Michael Okuda himself said of his signature interface design that the task Roddenberry set for him was to show that the Enterprise-D would be "so advanced that it would be highly simplified and elegant" by comparison to previous vessels.

    Agreed. I don't think Klingons have ever really been overused so much as they have been underused. Personally, I loved all the Klingon drama and intrigue in Season One of DSC. They felt fresh again, and yet still familiar (much like the show overall). That they've shifted focus and are following other plot threads in Season Two, whilst not leaving the Klingons cold (and remember, Klingons don't like the cold) by the narrative wayside, is quite all right with me, of course. There's plenty to explore in Star Trek besides the Klingons. And yet, it's a safe bet that the Klingons will always be around in Star Trek, whether in the foreground or the background. They're as much a part of it as phasers or transporters or replicators (or their forebears) or holograms. Sure, you can have a vast and varied cornucopia of Trek without Klingons...but then again, on the other hand you sort of can't, either. (As @Turtletrekker said in another thread, "that's like Doctor Who without the Daleks"!) So you might as well make revisiting them a recurring and developing plot thread. That's what TOS did, what the films did, what TNG and DS9 did, and what DSC is doing now. Feels like Star Trek to me!

    -MMoM:D
     
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  8. Alan Roi

    Alan Roi Commodore Fleet Captain

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    Great now I have to find some way of get this earworm out of my head today:

    bang SoH ghu chenmoH jIH 'ej parmaqlIjmo' mumuSHa''a' chugh vaj biHegh

    May have to borrow Terrell's phaser.
     
  9. Timo

    Timo Fleet Admiral Admiral

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    ...One thing DSC has added is instantaneously appearing and disappearing characters.

    In TOS, nobody came aboard and nobody left, unless there was a space station or a starbase in an establishing shot. Or a ship in an establishing bit of dialogue, but they couldn't actually afford to show ships. Oh, and then there was that shuttle business in "Journey to Babel", a rare use of spacecraft to ferry personnel, but the other comings and goings were equally rare so we can't really say shuttle use would have been exceptional there.

    In TNG, people came and went when there was a preceding shot of the E-D flying in formation with an Excelsior or parked nose-to-nose with an Oberth or an alien ship.

    In ENT, there was a lot of explicit docking action with all sorts of ships, unimaginable in the more restricted sixties.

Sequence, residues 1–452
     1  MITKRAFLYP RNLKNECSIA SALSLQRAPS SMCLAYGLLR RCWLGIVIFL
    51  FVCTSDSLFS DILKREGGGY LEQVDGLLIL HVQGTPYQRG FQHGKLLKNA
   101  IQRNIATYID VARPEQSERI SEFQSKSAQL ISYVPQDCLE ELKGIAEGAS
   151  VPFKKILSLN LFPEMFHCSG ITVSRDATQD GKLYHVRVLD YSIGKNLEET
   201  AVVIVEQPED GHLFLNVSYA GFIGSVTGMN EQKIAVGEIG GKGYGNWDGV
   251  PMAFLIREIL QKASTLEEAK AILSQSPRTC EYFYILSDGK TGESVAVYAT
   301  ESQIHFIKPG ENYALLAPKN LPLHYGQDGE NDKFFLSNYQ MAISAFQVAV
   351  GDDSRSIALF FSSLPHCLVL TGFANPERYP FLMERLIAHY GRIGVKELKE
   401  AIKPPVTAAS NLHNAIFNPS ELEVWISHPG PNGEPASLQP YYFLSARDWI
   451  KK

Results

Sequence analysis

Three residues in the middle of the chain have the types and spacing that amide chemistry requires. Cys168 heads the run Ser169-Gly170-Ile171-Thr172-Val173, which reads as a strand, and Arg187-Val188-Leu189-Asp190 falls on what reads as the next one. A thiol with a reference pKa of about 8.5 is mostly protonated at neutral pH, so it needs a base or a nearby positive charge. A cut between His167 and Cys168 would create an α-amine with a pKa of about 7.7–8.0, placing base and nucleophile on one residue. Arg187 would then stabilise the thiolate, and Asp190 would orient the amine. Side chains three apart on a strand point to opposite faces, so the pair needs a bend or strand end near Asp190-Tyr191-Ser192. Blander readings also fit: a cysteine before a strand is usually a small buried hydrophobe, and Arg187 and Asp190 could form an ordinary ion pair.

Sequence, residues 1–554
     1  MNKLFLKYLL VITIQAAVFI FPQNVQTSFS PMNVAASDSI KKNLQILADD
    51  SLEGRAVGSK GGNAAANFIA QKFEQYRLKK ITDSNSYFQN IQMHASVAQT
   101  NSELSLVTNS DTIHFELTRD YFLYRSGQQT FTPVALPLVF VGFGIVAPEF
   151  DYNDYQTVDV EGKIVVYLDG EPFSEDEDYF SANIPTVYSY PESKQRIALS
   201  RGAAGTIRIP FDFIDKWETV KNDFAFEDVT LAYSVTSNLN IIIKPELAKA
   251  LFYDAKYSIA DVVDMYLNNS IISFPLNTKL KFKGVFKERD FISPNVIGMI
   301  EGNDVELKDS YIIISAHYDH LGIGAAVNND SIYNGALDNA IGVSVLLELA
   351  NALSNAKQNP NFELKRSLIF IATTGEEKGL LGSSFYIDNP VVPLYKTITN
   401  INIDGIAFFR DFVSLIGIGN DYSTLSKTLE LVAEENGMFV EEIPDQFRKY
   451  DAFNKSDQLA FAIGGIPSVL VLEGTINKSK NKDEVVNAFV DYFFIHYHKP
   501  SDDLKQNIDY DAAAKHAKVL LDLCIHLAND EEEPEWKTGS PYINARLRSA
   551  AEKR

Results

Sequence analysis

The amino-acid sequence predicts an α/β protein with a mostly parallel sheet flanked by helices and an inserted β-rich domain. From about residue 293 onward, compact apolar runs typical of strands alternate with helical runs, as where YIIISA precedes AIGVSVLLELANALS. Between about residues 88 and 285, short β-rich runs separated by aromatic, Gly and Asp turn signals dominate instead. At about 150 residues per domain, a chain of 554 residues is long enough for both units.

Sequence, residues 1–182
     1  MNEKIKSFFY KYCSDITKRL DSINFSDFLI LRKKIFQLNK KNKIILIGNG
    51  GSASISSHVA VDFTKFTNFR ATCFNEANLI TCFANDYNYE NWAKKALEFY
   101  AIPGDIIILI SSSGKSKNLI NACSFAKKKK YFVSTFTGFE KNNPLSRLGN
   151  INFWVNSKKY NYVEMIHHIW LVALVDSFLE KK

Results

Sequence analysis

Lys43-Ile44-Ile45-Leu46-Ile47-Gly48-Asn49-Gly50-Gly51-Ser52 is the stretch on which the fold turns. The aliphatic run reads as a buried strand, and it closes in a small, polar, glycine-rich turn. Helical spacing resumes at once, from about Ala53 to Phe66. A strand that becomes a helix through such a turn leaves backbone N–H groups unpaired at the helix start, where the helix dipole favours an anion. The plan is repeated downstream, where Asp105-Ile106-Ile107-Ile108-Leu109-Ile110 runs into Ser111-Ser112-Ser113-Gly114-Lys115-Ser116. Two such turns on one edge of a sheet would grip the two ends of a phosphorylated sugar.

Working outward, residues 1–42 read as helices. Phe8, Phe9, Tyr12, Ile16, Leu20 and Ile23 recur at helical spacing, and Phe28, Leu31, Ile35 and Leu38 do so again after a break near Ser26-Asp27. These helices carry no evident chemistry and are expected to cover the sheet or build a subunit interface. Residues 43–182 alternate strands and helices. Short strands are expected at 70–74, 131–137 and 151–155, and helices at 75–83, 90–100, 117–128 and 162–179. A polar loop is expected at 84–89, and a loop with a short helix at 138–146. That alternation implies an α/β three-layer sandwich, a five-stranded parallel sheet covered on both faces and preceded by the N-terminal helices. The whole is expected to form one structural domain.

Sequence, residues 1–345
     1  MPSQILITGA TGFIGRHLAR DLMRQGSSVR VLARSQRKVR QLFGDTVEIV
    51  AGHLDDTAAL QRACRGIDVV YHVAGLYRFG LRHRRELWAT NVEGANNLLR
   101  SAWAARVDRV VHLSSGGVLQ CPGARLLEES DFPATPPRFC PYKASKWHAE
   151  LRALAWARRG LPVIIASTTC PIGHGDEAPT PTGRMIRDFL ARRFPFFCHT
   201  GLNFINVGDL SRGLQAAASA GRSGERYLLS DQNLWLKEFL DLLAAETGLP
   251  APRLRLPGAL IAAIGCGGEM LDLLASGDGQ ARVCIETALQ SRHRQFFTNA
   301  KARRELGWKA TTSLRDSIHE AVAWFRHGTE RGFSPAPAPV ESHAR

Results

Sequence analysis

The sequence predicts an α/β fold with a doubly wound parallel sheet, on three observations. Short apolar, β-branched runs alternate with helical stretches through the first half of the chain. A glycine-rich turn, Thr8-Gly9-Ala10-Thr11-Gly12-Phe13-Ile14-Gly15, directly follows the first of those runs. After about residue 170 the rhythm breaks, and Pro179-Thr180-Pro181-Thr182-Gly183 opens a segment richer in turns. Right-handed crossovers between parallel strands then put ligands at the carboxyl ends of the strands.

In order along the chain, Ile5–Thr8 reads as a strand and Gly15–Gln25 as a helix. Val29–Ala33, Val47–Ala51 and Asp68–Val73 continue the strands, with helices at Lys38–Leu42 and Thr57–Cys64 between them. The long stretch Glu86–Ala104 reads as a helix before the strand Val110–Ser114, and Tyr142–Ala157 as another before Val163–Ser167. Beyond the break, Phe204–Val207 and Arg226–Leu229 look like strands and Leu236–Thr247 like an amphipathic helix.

Yet in DSC, people disappear when they run out of lines, and appear when they come up with more. The latest "Saints of Imperfection" is a good example, with Tyler arriving by unknown means, and then Cornwell getting aboard the S31 ship by unknown means. Warp shuttles every time? Possibly so - but this is a capacity never rivaled by even the 24th century Starfleet. And Sarek basically just wraps his cape around him and goes poof...

    Timo Saloniemi
     
  10. Alan Roi

    Alan Roi Commodore Fleet Captain

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    Is this satire?

    We have a scene in the very episode where Leyland tells Pike he's sending a liaison. And then Pike tells Burhnam he's arrived. I guess your weren't paying attention. Do you really need a meeting in the transporter room or a shuttle showing up every time?

    Other series brought in characters all the time and let them go without the establishing shots you demand, and all the time. How, for instance did prime Lt. Moreau appear on the prime bridge after she's been seen in the Mirror Universe is one example from TOS? How did she get on the enterprise? It was never stated. Why? Because it didn't matter then any more than such should things matter now.
     
  11. Timo

    Timo Fleet Admiral Admiral

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    No.

    This is a very unique DSC thing, is what I'm saying. Nothing like this would ever have happened in any of the other shows: the means by which a character would arrive would be carefully explicated.

    And even explicating wouldn't really help but make DSC its own thing here. In no other show would single characters arrive and leave so willy-nilly. Is Starfleet really sending out entire starships (which, uniquely to this show, are never shown) for this? Or do the characters indeed travel by shuttle (a capacity never used in any of the other shows, not ten fictional years later, not a fictional century later)?

    You misunderstand (deliberately?). I refer to characters who are stated to have arrived or left, not to characters whose appearing in a scene is not stated to be an arrival (that is, she may just have walked there from her cabin or whatnot).